Red Hood / Arsenal #7 review

Red Hood / Arsenal #7 “All’s Fair in Love and Robin War!”

Written by: Scott Lobdell

Art by: Javier Fernandez

Colors by: Blond


Cat’s TidBits: Woohoo! We’re back to the continuation of Joker’s Daughter joining Red Hood and Arsenal’s shenanigans on the Rent-A-Bat business. This issue has a tie-in with the Robin War, which you do not have to read to follow this storyline, but you should read, because it’s pretty awesome!


As of now, we don’t really know why Jason brought in Joker’s Daughter to tag along when they go fight evil. In my last review, I was pretty lenient and gave a pretty fair score to Lobdell’s work hoping that he could redeem himself. Perhaps I’m just too new of a reviewer that I should’ve been a little harder, because I was disappointed with the way that Jason was expressing himself throughout the entire issue. He is not a touchy-feely type of guy and yet he’s here talking about how much he cares about Arsenal, how he wishes he was not the second robin, and how he needs to protect the sacredness of the Robin name. Jason Todd has always been the serious guy, but he’s being written like he’s a hormonal seventeen-year-old. Oh wait, that’s Joker’s Daughter.




Once again though, the art is amazing like usual. Can’t complain there and if I had to be honest, it’s one of the main reasons why I’m enjoying reading the comic book. The humor in this comic book is pleasing at some points, but sometimes it gets way out of hand. It’s like when you go watch a movie and they’re trying super hard to make you laugh, so they start making jokes around every corner. Yeah. Lobdell. Just no. In example, Joker’s Daughter. I don’t know if he just really wanted for us to like the character, but she came off as an annoying character. Granted that she’s a teenager, but I’m going to tie in the theme of “Robin” into this review. Batman trained his Robin’s to be mature and fight as a skilled person who’s thinking 24/7 when they’re fighting crime. Joker’s Daughter is reckless and immature.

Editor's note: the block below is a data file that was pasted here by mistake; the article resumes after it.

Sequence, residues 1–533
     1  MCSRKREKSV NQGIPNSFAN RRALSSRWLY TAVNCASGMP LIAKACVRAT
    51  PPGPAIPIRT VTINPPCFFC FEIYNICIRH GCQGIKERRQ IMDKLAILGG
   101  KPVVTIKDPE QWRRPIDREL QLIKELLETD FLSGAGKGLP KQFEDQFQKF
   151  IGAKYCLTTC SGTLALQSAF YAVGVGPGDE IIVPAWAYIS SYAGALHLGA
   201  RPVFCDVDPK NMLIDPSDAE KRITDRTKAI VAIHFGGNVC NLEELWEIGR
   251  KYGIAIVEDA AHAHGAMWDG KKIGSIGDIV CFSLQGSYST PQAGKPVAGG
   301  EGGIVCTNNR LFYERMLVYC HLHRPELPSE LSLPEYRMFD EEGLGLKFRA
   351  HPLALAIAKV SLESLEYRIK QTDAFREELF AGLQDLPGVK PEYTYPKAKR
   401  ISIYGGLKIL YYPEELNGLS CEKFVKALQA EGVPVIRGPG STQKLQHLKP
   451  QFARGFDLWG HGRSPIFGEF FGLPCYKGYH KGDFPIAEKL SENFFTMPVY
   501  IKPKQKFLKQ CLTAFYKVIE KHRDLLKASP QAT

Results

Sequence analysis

Going back to the Robin War, Jason and Tim have a ‘moment’ where they share their experiences being Batman’s Robin and how they had to compare themselves to Dick Grayson. I actually enjoyed this part. Yes, it was a very intimate moment, but I enjoyed hearing them talk about this experience, because you rarely see this happen. With the Robin War happening around them, it’s pleasing to see that they also had to basically earn the title of Robin. There were many Hallmark moments within this issue and usually always are when Lobdell writes in Red Hood / Arsenal, because later on, Arsenal has a realization with Joker’s Daughter that he was bonding with her. After all, she is a teenager, but I think that particular scene could’ve been used in a different manner that could’ve finished the issue on a better term.


The Good:

Honestly, the mentioning of Robin War. (Ha).


The Bad:

Too many touch-feely moments! It was one after another and I was getting tired of it! This comic book has the potential to be so good. Faces are still cartoony, but the colors played along well with the storyline.


Recommended If:

  • You enjoy Lobdell’s writing…
  • Joker’s Daughter being a good-girl vibe is interesting for you.
  • Anything with Tim Drake makes you happy.



I’m content, but I really do have high hopes for Red Hood / Arsenal. I just think about their personalities and they have the potential to flow better within the storylines that they have been through in the past six issues, but I guess I’ll take what I can get. I really don’t mind the bromance, but all these moments that they have gets tiring. I want actual story rather than emotions when it comes to this. The artwork helps at some points throughout the comic book, but really, it’s the colors that make it and not break it.


Score: 4/10